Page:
Liz, in particular, is very concerned that Mary is taken care of even after she and her husband are gone. In her efforts to gain some clarity on what to do for Mary, Liz is told that she may be able to roll her RRSP into the recently created registered disability savings plan (RDSP), which will solely benefit Mary. As of December 2008, approximately 10 financial institutions will launch the RDSP. Another means of ensuring that Mary receives the benefit of her inheritance, without incurring clawbacks from government assistance, would be to use a Henson or discretionary trust, either completed on an inter vivos basis or included in the wills.

Liz and Phil also need to consider that any money left to a minor grandchild residing in the U.S. will require a trustee to oversee the estate. “It is unlikely that Andy can be the trustee because he lives in a different state than his children,” explains Korvan. “That requires Liz and Phil to find another trustee or a professional fiduciary if they do not want Andy’s ex-wife, and mother to the children, to control the portion of the estate left to the grandkids, which could include shares of the business.”

PART 3: FINAL CONSIDERATIONS CHARITABLE GIVING After a great deal of discussion with their financial advisor, the Royals are much clearer on what they would like to happen to their estate after they are gone. They appreciate that certain trusts and intentions must be set up and communicated while they are still alive to ensure that their desires and legacy are carried out.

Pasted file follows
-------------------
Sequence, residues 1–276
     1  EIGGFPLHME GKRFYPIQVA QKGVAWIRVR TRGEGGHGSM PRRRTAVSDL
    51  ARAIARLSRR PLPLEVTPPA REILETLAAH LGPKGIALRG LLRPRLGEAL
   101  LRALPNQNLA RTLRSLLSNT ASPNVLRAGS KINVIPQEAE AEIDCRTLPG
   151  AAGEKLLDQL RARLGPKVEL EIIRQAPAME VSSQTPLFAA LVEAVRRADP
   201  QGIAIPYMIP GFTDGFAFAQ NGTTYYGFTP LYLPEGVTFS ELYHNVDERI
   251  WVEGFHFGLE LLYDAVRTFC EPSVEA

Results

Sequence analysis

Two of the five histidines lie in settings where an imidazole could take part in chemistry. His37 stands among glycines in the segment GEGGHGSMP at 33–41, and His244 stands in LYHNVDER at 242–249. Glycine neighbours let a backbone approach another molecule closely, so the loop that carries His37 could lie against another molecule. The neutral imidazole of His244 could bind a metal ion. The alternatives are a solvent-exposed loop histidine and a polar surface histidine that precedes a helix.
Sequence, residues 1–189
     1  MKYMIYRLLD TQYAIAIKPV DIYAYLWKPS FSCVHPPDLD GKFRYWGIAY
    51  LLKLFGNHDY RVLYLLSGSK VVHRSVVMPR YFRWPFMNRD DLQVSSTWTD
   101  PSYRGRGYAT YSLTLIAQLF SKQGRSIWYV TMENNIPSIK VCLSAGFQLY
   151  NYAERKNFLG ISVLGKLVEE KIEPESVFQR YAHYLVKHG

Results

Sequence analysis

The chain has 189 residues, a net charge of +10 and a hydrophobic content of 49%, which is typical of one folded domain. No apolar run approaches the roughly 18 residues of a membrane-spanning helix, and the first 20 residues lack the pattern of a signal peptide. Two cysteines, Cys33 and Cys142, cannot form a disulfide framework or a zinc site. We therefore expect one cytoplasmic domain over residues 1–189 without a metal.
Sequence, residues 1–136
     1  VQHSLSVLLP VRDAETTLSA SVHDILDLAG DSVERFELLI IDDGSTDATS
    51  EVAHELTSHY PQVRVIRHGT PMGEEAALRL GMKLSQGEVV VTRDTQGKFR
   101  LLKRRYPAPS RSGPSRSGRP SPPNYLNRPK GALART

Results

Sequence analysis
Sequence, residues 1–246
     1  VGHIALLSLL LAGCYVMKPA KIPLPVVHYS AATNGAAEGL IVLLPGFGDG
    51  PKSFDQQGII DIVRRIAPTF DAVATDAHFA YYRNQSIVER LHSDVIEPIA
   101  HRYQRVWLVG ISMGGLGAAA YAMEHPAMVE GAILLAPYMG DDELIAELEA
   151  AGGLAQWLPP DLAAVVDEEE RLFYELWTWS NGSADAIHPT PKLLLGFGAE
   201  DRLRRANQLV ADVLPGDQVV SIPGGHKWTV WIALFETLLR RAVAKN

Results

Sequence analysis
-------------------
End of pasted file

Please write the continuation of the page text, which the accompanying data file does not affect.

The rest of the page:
However, there is a final aspect of their plan to be addressed: how will they choose to distribute their wealth, given the charitable intentions they have expressed to their financial advisor?

“The Royals need to be told that should they want their children, or a particular charity, to benefit from their estate there are a few ways to go about this,” says Jamie Golombek, managing director, Tax & Estate Planning, CIBC Private Wealth Management.

The first is to simply gift a sum of money, a property, or a portion of shares. “Gifts are tax-free,” says Golombek “There is no gift tax and the Royals can give as much as they want with no obligation to record the gift on the tax record.”

However, a snag to this approach is that accrued gains are taxable, says Golombek. “For example, if the Royals had a cottage and decided to gift to a child, the Royals would be subject to the capital gains tax on the appreciation of that gifted property. The capital gains would need to be paid for the tax year in which the gift was made.”

In relation to the U.S. property and shares, various RFPs attending the symposium suggested that the Royals could opt to gift the U.S. portion of the company, thereby mitigating any taxable gains on the corporation’s shares. Other suggestions included gifting the Arizona condo – an option that would trigger U.S. gift tax, one that is significantly less than U.S. estate tax. However, these considerations need to be thoroughly examined by the financial advisor and must be viewed in context with the Royals’ overall financial plan.